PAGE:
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Category — Rambler

The Informant

Get the Joke, Solve the Puzzle

Following the anonymous Histrio-Mastix, Ben Jonson wrote Poetaster. These plays are part of the sequence of Elizabethan plays known as the Stage Quarrel, or Poetamachia. Poetaster is set in Augustan Rome. There’s an easy to read and search edition of Poetaster online here. Much has been written about the characters Horace, Crispinius, and Demetrius. Some scholars argue that these stand for Jonson, Decker and Marston. Other than Horace as Jonson, these attributions aren’t critical to my argument here. Scholars don’t generally attribute Virgil and Ovid in the play to specific Elizabethan writers. Theses characters lack the extensive personal allusions. As you may guess, I’ll be tackling Ovid in Poetaster, but not right away. He’s the subject for another day.

There are two players in Poetaster, they belong to the same company, Histrio and Æsop. Æsop is a non-speaking role. Both of these characters act as informants, turning in Horace and Ovid respectively to the authorities in separate events in the play. Ovid suffers some consequences, though Horace is acquitted of wrong doing.



In Poetaster, Æsop is a player and politician. He’s described as smelling seventeen times worse than sixteen dunghills.  Rambler has discussed other examples of seventeen as an allusion to the 17th earl of Oxford.  Rambler has also noted, in multiple blog entries, hints of Shaksper as informer or spy.  Here are three of his posts concerning Fly in Jonson’s The New Inn that are worth reading.  Here, here, and here.

Rambler quotes The New Inn:

“Lady Frampul.   So do all Politicks in their Commendations. 

Host.  This is a State-bird, and the verier Fly;”

Was that Shaxper as informant, or Vere?

Fly was a ‘State-bird.’ He has the ear of the sovereign figure, Pru, in the play.

In Poetaster, Æsop is a player and a politician. (politician per OED A schemer or plotter; a shrewd, sagacious, or crafty person.  a self-interested manipulator – for usage, OED cites Chapman, “This was a sleight well maskt. O what is man, Vnlesse he be a Politician!” – from Bussy D’Amboise!) Note the mention of  Politicks by Lady Frampul in The New Inn quoted by Rambler in his discussion of Fly as informant.

In Chapman’s The Gentleman Usher, Medice has the ear of the Cortezza, who stands for the queen. Cortezza reveals her ‘bumbasted leg’ in a stage direction. Queen Elizabeth had a serious lesion on her leg. Shaksper has the queen’s ear in this play as well.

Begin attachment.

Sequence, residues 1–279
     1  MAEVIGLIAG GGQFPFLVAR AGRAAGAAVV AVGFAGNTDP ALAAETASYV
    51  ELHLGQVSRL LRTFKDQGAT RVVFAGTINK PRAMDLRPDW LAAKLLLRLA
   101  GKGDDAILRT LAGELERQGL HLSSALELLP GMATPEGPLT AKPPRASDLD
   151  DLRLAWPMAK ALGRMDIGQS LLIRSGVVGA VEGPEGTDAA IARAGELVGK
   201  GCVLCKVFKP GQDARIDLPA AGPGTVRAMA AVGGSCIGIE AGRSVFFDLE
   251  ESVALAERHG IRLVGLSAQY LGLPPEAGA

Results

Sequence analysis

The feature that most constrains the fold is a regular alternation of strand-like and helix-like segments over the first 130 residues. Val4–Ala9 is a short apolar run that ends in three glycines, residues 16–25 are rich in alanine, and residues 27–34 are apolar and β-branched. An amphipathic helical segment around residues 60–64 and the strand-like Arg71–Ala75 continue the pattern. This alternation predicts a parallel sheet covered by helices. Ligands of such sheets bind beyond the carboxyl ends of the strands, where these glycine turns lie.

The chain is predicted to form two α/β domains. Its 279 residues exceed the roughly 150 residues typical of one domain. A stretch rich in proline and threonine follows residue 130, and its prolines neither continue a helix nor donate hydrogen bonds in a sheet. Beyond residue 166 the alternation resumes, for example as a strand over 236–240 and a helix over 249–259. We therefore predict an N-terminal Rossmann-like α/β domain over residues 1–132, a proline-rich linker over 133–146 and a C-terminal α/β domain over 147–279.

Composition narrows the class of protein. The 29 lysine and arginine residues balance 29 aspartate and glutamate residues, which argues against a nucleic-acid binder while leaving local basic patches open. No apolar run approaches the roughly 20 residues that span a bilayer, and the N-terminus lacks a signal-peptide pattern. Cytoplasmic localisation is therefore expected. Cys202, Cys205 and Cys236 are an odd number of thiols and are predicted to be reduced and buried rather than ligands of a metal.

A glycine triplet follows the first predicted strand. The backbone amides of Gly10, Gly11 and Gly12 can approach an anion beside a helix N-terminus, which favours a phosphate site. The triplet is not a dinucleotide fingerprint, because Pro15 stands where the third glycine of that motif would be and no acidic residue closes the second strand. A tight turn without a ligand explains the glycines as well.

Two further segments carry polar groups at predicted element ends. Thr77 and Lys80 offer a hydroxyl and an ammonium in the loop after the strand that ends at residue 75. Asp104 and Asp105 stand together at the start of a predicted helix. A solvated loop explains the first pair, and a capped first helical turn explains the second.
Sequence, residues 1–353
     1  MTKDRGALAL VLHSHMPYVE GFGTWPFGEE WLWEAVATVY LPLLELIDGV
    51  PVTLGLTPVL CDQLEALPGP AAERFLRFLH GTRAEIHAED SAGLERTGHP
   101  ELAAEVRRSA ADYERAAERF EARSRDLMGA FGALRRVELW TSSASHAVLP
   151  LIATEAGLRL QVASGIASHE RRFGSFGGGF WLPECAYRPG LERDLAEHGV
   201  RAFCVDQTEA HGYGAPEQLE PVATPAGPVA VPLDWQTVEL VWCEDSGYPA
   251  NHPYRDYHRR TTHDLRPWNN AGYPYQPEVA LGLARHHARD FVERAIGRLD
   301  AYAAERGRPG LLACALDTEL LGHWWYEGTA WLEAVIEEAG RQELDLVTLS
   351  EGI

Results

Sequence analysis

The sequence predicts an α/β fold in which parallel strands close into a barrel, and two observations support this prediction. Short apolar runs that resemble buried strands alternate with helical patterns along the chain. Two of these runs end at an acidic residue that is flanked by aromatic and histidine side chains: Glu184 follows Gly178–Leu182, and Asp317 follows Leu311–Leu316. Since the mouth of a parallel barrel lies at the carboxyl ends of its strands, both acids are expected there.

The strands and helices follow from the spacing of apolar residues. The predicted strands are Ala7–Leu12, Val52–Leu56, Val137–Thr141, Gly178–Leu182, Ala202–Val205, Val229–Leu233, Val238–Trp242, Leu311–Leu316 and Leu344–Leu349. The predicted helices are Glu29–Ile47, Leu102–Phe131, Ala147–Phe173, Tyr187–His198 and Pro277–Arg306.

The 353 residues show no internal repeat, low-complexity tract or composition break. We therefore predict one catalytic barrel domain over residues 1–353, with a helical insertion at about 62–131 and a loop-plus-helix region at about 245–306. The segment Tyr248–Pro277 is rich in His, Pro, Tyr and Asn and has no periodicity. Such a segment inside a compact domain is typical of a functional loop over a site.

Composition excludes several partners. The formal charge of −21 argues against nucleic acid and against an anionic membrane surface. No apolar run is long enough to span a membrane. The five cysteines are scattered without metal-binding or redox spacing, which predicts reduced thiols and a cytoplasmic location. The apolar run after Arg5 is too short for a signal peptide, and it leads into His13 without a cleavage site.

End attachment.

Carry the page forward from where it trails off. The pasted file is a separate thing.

In A Tale of a Tub, Poll Marten is the gentleman usher to the queen figure, Lady Tub. He was base-born, and named Marten Polecat. Lady Tub made him a gentleman and gave him a new name. Well it’s just a re-arrangement of his old name with a hyphen added. In the scene where they are both introduced, Lady Tub is obsessed with Squire Tubs comings, goings and intentions It seems to be Poll-Marten’s full time job to keep her informed of the Vere figure’s actions. When he doesn’t know where the Squire has gone, Lady Tub threatens to take away his name and gentleman status. At the end of the play, he’s rewarded with Audrey’s hand. Audrey, here and in Shake-speare’s As You Like It stands for the plays.

The other Shaksper figure in Tub is Miles Metaphor. It’s revealed that he’s betrayed his master. He’s labeled a “Jack-a-Lent” which is a Judas figure. Judas was the ultimate historical betrayer/informant.

In act V of Poetaster, the charges against Horace occasioned by Æsop’s informing are settled. Æsop is called in before the emperor’s court.  Captain Tucca tells him what he thinks his fate will be.

“Thou shalt have  Monopoly of playing confirm’d to thee and thy Convoy, under the Emperor’s Broad Seal for this Service.”

Unfortunately, Tucca gets it wrong. The emperor orders Æsop to be whipped.  Remember that Histrio-Mastix, the title of the earlier play translates from Latin as as ‘The Player Whipped.”




Common scholarly wisdom among the tourist-aligned scholarly consensus is that Will Shaksper was the head of the Chamberlain’s Men, later the King’s Men, which were the sovereign’s company of players and did enjoy a monopoly on playing within the city, which they enjoyed along with The Admiral’s Men. In The Gentleman Usher, Medice tells us they made him ‘King of the Gypsies” implying he did head up an acting company.

We must remember these plays are comedies. They contain jokes and satires. Most of the jokes are lost on us as the people and circumstances are gone from view. To the extent we can parse out the humor, we can learn what happened.  Tucca’s statement that Æsop   “…shalt have  Monopoly of playing confirm’d to thee and thy Convoy, under the Emperor’s Broad Seal for this Service.” is both funny and biting satire IF a player/informant was rewarded for their service with the leadership of sovereign’s company of players. 

If you get the joke, you solve the puzzle.





October 12, 2014   2 Comments